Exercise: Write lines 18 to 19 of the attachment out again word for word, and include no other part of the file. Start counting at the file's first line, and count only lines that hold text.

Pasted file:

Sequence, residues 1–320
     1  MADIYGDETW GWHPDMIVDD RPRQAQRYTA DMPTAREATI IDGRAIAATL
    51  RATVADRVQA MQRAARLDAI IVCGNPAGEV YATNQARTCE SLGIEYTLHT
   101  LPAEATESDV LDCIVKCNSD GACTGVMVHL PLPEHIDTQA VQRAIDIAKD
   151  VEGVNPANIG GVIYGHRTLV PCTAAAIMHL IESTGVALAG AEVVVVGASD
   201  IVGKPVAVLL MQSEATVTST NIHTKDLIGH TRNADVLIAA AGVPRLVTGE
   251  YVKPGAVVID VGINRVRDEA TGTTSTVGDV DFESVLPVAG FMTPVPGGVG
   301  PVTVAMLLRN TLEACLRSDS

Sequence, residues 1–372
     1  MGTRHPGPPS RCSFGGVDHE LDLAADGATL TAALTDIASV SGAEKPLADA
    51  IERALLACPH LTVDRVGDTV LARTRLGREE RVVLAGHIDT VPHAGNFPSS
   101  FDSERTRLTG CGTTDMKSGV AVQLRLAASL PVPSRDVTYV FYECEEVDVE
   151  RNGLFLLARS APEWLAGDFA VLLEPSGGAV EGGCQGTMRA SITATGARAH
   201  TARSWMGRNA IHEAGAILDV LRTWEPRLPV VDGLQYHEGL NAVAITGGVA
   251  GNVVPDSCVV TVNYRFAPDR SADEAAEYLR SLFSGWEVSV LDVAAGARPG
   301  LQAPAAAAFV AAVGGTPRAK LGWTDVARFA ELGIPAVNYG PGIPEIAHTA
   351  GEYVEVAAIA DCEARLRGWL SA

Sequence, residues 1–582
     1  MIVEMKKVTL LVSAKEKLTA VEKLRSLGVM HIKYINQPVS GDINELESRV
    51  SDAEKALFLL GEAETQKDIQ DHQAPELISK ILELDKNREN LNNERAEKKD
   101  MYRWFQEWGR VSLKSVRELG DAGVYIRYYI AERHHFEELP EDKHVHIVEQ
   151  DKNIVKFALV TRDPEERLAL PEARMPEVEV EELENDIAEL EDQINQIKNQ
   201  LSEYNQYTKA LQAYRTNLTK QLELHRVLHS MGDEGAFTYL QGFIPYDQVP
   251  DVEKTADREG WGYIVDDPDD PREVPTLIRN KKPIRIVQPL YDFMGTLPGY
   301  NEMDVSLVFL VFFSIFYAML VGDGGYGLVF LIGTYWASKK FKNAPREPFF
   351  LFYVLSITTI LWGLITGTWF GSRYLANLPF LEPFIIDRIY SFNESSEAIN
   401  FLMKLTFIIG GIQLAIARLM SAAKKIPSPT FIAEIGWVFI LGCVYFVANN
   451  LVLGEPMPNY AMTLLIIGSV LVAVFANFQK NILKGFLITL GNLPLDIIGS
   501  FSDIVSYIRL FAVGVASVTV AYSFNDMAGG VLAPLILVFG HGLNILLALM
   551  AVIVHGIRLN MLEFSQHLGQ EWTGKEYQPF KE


Sequence, residues 1–582
     1  MIVEMKKVTL LVSAKEKLTA VEKLRSLGVM HIKYINQPVS GDINELESRV